As the fourth-largest market research organisation in the world, GfK supports more than 9,000 employees across 60 countries. In 2015, GfK decided to replace its core HR system and more than 60 disparate systems with a single, integrated solution. The decision was based on the need to reduce the complexity of multiple HR systems and increase data quality and the transparency of information across the business.
When it comes to transforming HR, there are many factors which influence whether an organization should take a staggered approach to replacing technology and processes, or if they should go for the so-called “big-bang” and address all areas across the function at once.
Lynda Taumann-Yrisarry, VP, HR services and digital solutions, GfK, is responsible for the management of all HR and payroll processes; she is not a fan of a phased deployment approach and instead made a strong business case for simultaneously transforming as many elements of HR as possible.
“We were aggressive. We wanted to go live with everything Workday had to offer. From Workday Human Capital Management, through to the tools that would allow us to manage recruitment, compensation, benefits and how we think about talent management,” said Taumann-Yrisarry. “This approach would allow us to remove a lot of the coordination and administration, such as data cleansing, from the end of the process and deal with everything at the start.”
“I think what sets large Workday deployments apart from the smaller ones is the higher complexity and the mostly international orientation of the implementing companies,” said Taumann-Yrisarry. “That’s why Workday has its own proven deployment method and process framework for large projects. This makes the “big-bang” approach possible, as we experienced at GfK.”
GfK’s multitude of legacy systems, mostly locally-configured solutions and processes, offered very little data transparency, and no visibility into key data, such as full-time equivalent (FTE) employment figures. This information was contained in a separate finance system, not by HR, which required the involvement of finance in uncovering this data. With Workday, however, employee data is kept in a single system. Each employee maintains their own data — as promptly and accurately as possible. This ensures that information is not only up-to-date, but also accessible across the business in real-time.
“Workday is our single source of truth when it comes to FTE reporting, and finance and control see it that way too,” said Taumann-Yrisarry. “Agility and planning should not contradict one another. Organizational agility should be the prerequisite for meaningful planning.”
Due to the scale of GfK’s global operations in 60 countries, one of Taumann-Yrisarry’s key tasks is to manage people data across three shared services hubs to achieve maximum efficiency. The deployment of Workday has allowed the business to automate many of its people processes across the shared hubs, as well as supporting changes to GfK’s operational structure in real-time.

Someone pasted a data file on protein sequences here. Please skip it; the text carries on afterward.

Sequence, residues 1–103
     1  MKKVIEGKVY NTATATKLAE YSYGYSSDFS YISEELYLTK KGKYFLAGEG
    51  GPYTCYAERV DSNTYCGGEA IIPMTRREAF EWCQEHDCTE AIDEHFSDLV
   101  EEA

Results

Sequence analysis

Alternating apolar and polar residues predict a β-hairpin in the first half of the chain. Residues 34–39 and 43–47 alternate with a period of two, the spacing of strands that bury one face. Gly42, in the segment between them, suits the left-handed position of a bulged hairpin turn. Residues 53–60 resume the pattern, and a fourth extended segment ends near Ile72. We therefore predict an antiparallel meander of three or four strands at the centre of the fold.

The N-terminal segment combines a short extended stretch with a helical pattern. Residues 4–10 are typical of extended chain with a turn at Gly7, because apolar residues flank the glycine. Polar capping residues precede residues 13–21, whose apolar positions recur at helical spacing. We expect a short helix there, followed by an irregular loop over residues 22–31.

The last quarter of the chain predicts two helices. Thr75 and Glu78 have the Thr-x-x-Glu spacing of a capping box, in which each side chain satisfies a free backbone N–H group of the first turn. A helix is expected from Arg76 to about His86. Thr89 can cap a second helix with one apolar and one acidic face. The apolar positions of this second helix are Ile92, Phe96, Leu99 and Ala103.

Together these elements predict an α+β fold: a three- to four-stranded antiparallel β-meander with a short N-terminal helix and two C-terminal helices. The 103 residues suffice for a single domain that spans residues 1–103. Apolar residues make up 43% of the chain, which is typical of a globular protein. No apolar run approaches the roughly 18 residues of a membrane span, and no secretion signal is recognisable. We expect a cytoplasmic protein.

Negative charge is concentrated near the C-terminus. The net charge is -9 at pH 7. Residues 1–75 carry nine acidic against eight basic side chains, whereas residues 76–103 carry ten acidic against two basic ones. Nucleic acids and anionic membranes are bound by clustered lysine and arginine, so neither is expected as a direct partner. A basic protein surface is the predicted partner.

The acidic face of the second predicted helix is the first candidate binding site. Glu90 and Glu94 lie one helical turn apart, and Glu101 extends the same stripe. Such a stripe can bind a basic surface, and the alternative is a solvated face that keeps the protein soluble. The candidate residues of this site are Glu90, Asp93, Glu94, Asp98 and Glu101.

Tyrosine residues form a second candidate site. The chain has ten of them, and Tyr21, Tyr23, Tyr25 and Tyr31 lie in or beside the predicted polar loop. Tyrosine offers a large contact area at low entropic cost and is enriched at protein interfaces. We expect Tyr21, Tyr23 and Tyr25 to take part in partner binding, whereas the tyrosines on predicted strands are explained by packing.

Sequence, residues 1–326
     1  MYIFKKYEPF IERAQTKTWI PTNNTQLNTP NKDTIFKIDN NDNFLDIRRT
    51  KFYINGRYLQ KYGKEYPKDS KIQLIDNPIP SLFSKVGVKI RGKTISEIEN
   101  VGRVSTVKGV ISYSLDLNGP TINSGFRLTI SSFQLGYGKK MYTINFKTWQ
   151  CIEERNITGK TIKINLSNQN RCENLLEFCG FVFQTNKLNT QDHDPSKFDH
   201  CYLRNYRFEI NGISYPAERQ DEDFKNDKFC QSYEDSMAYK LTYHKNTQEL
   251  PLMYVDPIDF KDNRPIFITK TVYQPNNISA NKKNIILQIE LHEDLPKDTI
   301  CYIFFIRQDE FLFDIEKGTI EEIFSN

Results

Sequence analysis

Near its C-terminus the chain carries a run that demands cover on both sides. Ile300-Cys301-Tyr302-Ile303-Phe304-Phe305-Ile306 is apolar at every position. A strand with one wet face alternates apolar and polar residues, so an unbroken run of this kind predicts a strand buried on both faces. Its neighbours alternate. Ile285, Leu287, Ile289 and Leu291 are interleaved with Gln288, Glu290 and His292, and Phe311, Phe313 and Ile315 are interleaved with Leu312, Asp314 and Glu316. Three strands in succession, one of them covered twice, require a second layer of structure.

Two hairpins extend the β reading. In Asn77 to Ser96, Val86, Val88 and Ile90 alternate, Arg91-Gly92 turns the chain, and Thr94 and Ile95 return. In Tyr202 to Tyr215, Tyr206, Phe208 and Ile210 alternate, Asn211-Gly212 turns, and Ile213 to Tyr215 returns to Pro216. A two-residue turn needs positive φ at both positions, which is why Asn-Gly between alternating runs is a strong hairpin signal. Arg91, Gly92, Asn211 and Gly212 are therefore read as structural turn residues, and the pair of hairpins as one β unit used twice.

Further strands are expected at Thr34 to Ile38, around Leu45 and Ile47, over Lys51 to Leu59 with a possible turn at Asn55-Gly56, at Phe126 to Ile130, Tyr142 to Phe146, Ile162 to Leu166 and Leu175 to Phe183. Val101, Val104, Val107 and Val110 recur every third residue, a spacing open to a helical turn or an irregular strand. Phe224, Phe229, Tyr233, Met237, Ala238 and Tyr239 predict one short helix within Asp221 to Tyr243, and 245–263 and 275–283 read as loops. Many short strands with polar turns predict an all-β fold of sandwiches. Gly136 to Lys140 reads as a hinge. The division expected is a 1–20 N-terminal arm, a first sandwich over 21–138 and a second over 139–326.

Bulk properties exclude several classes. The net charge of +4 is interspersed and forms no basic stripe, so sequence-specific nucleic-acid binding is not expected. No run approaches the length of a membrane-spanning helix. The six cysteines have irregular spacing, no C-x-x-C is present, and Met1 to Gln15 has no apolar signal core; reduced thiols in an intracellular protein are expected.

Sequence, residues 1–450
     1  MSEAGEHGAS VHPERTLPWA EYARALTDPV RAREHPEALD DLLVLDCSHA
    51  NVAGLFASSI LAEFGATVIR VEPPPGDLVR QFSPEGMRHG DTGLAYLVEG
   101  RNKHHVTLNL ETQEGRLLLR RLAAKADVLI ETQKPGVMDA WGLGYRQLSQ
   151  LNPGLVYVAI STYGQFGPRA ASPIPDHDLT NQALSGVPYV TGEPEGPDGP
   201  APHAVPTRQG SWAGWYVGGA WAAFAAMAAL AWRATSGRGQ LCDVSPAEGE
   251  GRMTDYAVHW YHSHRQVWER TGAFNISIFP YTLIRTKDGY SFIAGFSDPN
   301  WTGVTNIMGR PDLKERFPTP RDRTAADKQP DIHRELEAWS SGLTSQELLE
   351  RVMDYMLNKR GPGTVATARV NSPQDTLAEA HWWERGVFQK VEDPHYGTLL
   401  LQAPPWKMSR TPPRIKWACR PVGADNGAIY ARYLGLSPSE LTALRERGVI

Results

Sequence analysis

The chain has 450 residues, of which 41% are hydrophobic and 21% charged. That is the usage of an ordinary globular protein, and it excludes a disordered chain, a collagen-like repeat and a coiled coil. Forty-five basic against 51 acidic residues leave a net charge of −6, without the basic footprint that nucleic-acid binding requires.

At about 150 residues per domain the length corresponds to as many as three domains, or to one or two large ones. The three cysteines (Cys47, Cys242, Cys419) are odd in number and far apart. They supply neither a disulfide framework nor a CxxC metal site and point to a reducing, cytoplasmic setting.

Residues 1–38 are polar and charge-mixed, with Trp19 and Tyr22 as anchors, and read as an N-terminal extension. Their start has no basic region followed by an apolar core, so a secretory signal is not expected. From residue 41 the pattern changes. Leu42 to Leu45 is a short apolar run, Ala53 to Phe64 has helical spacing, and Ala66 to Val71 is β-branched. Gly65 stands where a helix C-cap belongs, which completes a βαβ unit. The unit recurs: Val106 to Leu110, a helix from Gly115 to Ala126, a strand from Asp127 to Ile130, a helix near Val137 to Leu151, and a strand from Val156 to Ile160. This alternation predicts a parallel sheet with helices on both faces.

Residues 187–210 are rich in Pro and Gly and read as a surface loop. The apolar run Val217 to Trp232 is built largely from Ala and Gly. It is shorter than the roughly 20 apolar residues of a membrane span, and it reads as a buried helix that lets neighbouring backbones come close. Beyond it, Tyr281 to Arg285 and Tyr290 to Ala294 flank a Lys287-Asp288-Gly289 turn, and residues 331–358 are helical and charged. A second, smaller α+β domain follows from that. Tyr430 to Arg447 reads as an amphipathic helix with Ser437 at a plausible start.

“As a business, we are experiencing constant change. From acquisitions, diversification, sell-offs, and spin-offs, changes to our organisational structure happen frequently. With Workday, the processes which underpin these changes can happen very quickly and on one system. That information is then automatically updated on other systems, which means our HR teams can focus on more complex and strategic HR tasks which benefits our business,” said Taumann-Yrisarry.
Despite making the decision to overhaul the vast majority of its HR systems, GfK was able to complete the global deployment of Workday in just ten months. This was made possible, in part, due to Workday’s standard out-of-the-box business process configurations, which simplified deployment.
Taumann-Yrisarry and her team integrated more than 50 payroll systems and embarked on a seven-week data cleanse in preparation for the deployment, which she describes as a crucial step before rolling out the new technology.
“Having good quality data is the foundation as you want the business to trust the information and have confidence in the decisions they are making. Spending the time on data cleansing is absolutely vital if you want to avoid inconsistencies further down the line,” said Taumann-Yrisarry.
Under the new process, HR services report directly to Taumann-Yrisarry globally rather than into their respective countries. This centralised approach allows the business to provide more-focused HR services and opportunities to all regions–something that could not be delivered previously.
“There is only one global cost centre, and the employees report under the same structure. Having one worldwide focus allows HR services to centrally collect and review employee requirements and make decisions across the entire workforce,” said Taumann-Yrisarry.
GfK has now captured HR data from 60 countries centrally, which for the first time provides the business with a quick and transparent view of its global workforce. This foundation is the basis for future strategic HR projects. Taumann-Yrisarry’s team is focused on the company’s payroll engine. All 60 countries are being integrated into a third-party processing system. Personnel costs can then be centrally recorded and transferred to Workday as the master system of record.
Business planning is also high on the agenda, and GfK will soon be implementing Workday’s Adaptive Insights Business Planning Cloud planning and analysis tool.
“Not only will we be able to integrate all the costs from our personnel environment, but we will also have a reliable basis for our plans,” says Taumann-Yrisarry. “We know how quickly things can change in our business, so it’s important that we have a flexible planning tool that can move with the speed of our organisation. Having the agility to plan and re-plan is hugely important to our leaders as we look to stay ahead of our competitions.”